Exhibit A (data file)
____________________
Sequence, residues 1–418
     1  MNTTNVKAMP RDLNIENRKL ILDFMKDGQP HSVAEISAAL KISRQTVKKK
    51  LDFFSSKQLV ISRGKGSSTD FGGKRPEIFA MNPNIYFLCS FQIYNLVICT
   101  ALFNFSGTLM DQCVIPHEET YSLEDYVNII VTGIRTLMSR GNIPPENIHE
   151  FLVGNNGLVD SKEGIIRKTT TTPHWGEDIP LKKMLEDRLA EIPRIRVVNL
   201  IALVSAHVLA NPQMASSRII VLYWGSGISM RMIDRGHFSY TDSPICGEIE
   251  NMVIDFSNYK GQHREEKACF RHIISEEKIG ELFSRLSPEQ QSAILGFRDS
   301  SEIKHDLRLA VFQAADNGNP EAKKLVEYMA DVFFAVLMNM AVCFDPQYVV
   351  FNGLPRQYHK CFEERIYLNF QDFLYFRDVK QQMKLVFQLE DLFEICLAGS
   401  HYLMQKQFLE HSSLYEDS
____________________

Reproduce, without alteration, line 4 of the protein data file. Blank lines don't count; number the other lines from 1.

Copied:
   101  ALFNFSGTLM DQCVIPHEET YSLEDYVNII VTGIRTLMSR GNIPPENIHE